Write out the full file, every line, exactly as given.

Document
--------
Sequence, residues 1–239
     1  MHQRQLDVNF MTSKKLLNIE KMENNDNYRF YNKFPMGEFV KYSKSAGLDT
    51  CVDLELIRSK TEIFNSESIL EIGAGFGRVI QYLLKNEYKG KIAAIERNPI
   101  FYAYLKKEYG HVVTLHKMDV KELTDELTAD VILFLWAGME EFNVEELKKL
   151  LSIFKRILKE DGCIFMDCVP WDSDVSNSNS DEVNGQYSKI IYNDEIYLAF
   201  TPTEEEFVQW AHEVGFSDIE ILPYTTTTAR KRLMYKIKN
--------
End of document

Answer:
Sequence, residues 1–239
     1  MHQRQLDVNF MTSKKLLNIE KMENNDNYRF YNKFPMGEFV KYSKSAGLDT
    51  CVDLELIRSK TEIFNSESIL EIGAGFGRVI QYLLKNEYKG KIAAIERNPI
   101  FYAYLKKEYG HVVTLHKMDV KELTDELTAD VILFLWAGME EFNVEELKKL
   151  LSIFKRILKE DGCIFMDCVP WDSDVSNSNS DEVNGQYSKI IYNDEIYLAF
   201  TPTEEEFVQW AHEVGFSDIE ILPYTTTTAR KRLMYKIKN